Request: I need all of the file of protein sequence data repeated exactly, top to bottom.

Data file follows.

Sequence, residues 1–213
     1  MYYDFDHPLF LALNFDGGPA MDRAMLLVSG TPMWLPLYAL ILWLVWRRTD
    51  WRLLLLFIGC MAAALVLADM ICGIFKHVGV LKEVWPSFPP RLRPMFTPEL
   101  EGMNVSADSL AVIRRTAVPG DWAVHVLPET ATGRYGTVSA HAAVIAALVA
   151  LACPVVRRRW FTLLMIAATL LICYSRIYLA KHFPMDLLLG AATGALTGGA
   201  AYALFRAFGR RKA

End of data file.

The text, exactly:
Sequence, residues 1–213
     1  MYYDFDHPLF LALNFDGGPA MDRAMLLVSG TPMWLPLYAL ILWLVWRRTD
    51  WRLLLLFIGC MAAALVLADM ICGIFKHVGV LKEVWPSFPP RLRPMFTPEL
   101  EGMNVSADSL AVIRRTAVPG DWAVHVLPET ATGRYGTVSA HAAVIAALVA
   151  LACPVVRRRW FTLLMIAATL LICYSRIYLA KHFPMDLLLG AATGALTGGA
   201  AYALFRAFGR RKA